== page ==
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Silk trees, also called mimosa trees, are small to medium-size trees that grow to a height of 40 feet. They have hot pink flowers that bloom in the summer, making them attractive additions to a landscape. Silk trees can grow in most soil types and tolerate drought. Silk tree wood, however, tends to be brittle and weak, and makes it prone to breakage. The trees should be pruned regularly to keep the wood as healthy as possible.
Prune silk trees late in the fall or in winter, which is their the dormant season.
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Decide if your silk tree will have a central trunk or several trunks. For a single stem, keep the strongest shoot and remove any competing ones. Let several shoots grow for a multi-trunk tree.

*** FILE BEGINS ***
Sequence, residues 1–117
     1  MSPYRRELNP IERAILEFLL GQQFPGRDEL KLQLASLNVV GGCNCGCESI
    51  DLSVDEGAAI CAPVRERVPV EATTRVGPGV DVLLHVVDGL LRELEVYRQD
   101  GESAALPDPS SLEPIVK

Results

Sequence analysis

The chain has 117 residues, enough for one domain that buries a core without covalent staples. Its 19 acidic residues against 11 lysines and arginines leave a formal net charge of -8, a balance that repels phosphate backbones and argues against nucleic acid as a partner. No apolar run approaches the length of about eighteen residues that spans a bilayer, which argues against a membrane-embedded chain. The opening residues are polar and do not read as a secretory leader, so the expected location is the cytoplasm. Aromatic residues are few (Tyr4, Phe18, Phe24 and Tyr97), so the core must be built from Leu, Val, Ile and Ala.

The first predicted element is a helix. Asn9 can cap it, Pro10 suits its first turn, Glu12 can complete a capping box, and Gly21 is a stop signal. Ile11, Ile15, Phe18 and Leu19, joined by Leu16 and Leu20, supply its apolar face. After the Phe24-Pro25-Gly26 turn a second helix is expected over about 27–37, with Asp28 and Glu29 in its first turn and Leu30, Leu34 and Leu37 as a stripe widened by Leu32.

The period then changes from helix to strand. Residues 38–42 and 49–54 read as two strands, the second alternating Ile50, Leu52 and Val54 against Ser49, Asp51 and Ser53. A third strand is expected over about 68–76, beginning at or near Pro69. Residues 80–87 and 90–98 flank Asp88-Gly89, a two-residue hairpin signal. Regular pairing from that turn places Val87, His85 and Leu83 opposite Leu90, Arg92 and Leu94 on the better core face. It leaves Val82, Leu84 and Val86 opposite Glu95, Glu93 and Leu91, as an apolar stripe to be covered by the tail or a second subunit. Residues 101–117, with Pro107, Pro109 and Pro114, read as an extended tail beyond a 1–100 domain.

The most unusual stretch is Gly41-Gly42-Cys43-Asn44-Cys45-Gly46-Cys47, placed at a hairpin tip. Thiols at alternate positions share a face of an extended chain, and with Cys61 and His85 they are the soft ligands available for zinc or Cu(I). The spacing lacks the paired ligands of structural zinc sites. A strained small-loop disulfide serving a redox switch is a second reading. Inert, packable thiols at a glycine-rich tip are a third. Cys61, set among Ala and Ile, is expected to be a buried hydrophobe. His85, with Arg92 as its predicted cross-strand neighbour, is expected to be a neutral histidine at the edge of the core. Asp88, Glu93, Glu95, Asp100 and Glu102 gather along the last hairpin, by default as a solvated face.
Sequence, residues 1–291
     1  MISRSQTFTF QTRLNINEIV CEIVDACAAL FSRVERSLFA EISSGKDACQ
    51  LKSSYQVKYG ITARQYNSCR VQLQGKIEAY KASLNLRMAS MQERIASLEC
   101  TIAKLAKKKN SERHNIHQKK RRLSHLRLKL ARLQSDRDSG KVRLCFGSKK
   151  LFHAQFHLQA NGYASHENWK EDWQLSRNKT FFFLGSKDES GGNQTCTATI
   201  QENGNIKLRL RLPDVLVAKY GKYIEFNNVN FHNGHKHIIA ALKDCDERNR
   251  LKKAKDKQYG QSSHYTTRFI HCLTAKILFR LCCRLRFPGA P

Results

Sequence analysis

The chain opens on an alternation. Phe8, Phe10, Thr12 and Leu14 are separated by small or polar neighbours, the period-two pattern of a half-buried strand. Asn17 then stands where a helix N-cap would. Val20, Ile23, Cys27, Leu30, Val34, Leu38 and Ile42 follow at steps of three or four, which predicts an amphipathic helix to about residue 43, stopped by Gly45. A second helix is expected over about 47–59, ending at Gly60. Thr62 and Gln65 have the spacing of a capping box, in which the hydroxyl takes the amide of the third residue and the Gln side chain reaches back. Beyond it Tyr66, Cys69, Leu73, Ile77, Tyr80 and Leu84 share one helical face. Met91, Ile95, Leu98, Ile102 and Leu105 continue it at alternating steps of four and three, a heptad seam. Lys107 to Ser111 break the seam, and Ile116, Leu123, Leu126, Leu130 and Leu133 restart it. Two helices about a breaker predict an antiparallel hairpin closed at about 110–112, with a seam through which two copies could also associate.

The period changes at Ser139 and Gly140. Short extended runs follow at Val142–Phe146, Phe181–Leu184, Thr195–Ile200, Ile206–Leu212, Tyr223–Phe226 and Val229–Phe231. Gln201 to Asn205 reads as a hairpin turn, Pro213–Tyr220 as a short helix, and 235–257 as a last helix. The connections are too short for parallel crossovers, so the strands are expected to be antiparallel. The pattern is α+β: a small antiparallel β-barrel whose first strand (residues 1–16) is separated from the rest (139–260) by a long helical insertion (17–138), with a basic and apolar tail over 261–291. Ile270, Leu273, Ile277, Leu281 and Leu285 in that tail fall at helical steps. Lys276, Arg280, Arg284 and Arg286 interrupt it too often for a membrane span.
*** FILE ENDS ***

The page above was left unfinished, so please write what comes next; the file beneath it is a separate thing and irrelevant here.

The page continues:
Clip the tops of several of the branches to shape the tree with a flat-top. If this isn't done, the silk tree will resemble a bush. A ladder probably will be needed to reach to tree's top.
Prune branches and buds that grew the previous season in the spring. Keep each stem to a limit of five or six buds to limit the size and width of the tree.
Remove dead, diseased or weak limbs by cutting them with a pruning saw. Place the cut at the V-shaped point where the damaged limb meets a healthy one.
Pull the seedlings as soon as they sprout. The silk tree is very invasive and drops hundreds of seeds, which will become trees.
Wear gloves to protect your hands.
Have someone spot you when using a ladder.
The silk tree is very invasive. If left with no maintenance, many more trees will grow from their seeds.